Dad must have been proud!

I'd guess it's not too often that kickers get a storyline in the pregame show, but whenever these guys kicked against each other it must have been a feature. 

All in all, a really cool story, and I'm sure I've only scratched the surface here. I'd love to see an interview with the two brothers just talking about their experiences—coming to the States, going to college, and playing in the NFL against each other.

Back to the original topic, though:

I'm still not sure what 1980s set to go for. The 1982 design is a classic and might be my favorite, but it's a whopping 528 cards and boasts the Lawrence Taylor, Ronnie Lott, and Anthony Munoz rookie cards, as well as a second-year Joe Montana. 

The 1983 design is cool in a DeLorean kind of way, and is more manageable at 396 cards. The notable rookies (Jim McMahon, Mike Singletary, Marcus Allen) are a bit more affordable, too.

1987 and 1988 also seem to be affordable options, and the designs are still fun and very fitting for the decade.

Any suggestions? Feel free to share in the comment section.

*The Bahr brothers and the Gogolak brothers also kicked against each other in NFL games.


  1. I don't do football and probably never will, but the set with the green border with yellow stripes I think is pretty cool looking. I'm not sure what year it is.

    1. Good suggestion, Billy. That's the 1986 set. Quite a popular design, and it features some attractive rookie cards (Jerry Rice, Steve Young, Reggie White, Boomer Esiason, and Bruce Smith to name a few).

  2. Yeah, '86 would be the sentimental pick for me too... had a few random cards from it when I was a kid before I really started collecting highlighted by Marcus Allen and a Bernie Kosar rookie.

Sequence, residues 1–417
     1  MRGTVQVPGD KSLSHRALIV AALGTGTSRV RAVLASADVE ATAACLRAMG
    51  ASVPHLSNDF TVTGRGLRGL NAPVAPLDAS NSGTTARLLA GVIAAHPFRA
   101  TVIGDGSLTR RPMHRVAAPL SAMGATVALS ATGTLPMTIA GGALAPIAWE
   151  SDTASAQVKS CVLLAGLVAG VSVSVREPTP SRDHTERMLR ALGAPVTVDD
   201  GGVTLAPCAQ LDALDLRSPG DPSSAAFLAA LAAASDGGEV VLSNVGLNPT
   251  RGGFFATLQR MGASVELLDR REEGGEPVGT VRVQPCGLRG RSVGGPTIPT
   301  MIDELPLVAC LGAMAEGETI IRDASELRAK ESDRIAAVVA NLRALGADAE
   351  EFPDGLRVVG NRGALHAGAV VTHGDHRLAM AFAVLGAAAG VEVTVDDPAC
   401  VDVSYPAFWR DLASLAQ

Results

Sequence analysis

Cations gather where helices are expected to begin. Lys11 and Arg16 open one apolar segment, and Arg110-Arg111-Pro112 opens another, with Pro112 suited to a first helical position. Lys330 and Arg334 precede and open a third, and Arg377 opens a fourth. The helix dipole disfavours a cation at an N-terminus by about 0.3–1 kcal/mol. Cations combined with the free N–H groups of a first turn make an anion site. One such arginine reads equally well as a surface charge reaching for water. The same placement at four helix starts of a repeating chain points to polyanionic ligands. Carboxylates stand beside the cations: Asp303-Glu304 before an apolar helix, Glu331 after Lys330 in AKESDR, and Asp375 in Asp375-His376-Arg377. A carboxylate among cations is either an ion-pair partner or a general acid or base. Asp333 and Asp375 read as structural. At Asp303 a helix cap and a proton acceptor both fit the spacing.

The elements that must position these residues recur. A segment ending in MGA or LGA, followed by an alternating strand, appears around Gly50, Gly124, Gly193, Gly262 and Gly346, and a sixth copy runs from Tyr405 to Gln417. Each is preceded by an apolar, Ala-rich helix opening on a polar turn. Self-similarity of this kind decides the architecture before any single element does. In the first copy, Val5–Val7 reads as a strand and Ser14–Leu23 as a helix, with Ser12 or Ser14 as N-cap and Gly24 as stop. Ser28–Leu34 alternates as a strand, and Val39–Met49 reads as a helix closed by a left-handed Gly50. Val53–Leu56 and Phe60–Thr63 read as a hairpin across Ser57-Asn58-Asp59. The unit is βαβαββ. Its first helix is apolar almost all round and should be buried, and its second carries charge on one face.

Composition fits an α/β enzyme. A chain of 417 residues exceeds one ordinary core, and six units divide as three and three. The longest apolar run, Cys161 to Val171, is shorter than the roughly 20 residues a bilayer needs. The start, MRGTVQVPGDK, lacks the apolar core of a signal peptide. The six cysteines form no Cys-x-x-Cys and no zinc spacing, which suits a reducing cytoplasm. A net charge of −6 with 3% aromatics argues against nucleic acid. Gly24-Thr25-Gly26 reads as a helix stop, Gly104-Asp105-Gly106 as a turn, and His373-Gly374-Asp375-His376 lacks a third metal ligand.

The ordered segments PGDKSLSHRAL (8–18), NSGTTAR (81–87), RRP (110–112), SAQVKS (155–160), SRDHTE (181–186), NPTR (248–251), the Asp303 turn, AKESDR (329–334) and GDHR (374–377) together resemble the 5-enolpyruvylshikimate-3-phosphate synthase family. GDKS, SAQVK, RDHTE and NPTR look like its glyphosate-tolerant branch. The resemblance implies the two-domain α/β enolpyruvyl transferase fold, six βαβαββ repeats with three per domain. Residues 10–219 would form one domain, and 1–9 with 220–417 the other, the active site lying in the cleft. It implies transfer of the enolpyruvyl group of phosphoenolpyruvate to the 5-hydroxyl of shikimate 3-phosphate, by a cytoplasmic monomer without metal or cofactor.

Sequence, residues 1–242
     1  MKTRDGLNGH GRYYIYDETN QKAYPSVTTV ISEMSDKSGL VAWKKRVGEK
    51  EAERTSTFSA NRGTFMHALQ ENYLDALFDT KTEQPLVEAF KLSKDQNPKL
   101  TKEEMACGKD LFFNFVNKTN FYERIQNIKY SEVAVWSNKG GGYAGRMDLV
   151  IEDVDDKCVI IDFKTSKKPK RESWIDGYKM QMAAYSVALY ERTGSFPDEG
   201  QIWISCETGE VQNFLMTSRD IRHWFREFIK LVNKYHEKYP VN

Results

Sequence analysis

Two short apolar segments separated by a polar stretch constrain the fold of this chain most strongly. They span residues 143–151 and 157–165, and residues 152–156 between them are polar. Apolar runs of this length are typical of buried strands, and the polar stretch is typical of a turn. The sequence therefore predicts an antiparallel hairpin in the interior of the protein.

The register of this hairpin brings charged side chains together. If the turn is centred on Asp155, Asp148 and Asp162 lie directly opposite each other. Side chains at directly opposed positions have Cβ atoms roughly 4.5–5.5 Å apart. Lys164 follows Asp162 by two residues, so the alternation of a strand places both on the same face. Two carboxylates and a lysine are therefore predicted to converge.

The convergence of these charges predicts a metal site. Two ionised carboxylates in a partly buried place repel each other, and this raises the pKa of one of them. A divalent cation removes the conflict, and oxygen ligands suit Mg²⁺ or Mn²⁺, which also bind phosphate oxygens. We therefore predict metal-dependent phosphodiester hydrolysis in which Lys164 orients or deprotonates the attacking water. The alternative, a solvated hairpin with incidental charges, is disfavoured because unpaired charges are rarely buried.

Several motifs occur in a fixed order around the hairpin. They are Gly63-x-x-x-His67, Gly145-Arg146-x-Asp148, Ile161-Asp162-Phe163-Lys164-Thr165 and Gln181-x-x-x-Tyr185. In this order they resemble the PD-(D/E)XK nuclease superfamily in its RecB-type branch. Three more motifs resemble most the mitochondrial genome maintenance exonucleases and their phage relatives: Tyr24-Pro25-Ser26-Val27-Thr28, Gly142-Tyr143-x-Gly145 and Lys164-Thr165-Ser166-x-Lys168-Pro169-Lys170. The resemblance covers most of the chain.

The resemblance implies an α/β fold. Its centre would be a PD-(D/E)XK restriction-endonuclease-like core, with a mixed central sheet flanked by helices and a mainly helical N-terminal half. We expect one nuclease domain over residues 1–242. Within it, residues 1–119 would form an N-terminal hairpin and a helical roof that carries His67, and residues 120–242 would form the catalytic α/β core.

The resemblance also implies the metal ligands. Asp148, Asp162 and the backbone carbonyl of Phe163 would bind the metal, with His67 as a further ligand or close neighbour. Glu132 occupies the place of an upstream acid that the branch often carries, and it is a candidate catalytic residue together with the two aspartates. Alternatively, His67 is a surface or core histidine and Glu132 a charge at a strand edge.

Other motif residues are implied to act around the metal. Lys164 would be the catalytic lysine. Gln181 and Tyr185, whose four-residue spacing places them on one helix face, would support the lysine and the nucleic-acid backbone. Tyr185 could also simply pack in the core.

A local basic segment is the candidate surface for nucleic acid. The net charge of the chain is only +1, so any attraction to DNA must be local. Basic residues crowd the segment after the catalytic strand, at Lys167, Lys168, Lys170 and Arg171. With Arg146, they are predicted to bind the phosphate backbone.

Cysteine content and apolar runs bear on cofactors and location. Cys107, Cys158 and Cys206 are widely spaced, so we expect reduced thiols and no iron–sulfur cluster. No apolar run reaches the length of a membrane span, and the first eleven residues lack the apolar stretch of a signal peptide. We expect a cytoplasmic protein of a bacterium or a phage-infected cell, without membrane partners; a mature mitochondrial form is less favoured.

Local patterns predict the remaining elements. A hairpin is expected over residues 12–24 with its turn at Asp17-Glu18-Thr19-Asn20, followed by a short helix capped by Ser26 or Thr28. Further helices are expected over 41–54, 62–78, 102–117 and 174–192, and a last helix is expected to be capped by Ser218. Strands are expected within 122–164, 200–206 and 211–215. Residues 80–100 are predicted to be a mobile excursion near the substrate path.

1. Two votes for 1986. I might have to start saving my pennies for that Jerry Rice rookie.

  3. Man, I'm not a football collector but I never heard of these guys and I find them so interesting. Great work uncovering this, and awesome post!

    1. Right? You figure you'd have heard at least something about these guys, even if their careers were over a little bit before our time. Thanks very much for the compliment as well. It was fun doing the research for this one.

  4. Another great story! I hadn't heard of either of them, so this was all new to me. As for which set to collect, well, I don't know, most of the 80's sets are pretty cool, so you really can't go wrong.

    1. Thanks Jon! And I think you're right about football sets from the '80s. They're all pretty cool. I'm still not sure which one to try to complete.

    2. 1981 to 1984 was a great 4-year stretch of Topps football cards

    3. Agreed, Big League. I kind of like the 1985 set as well, because it's quite different with the horizontal layout and big bold text framed by a black border. But I don't think that would be my first choice. Still mulling things over.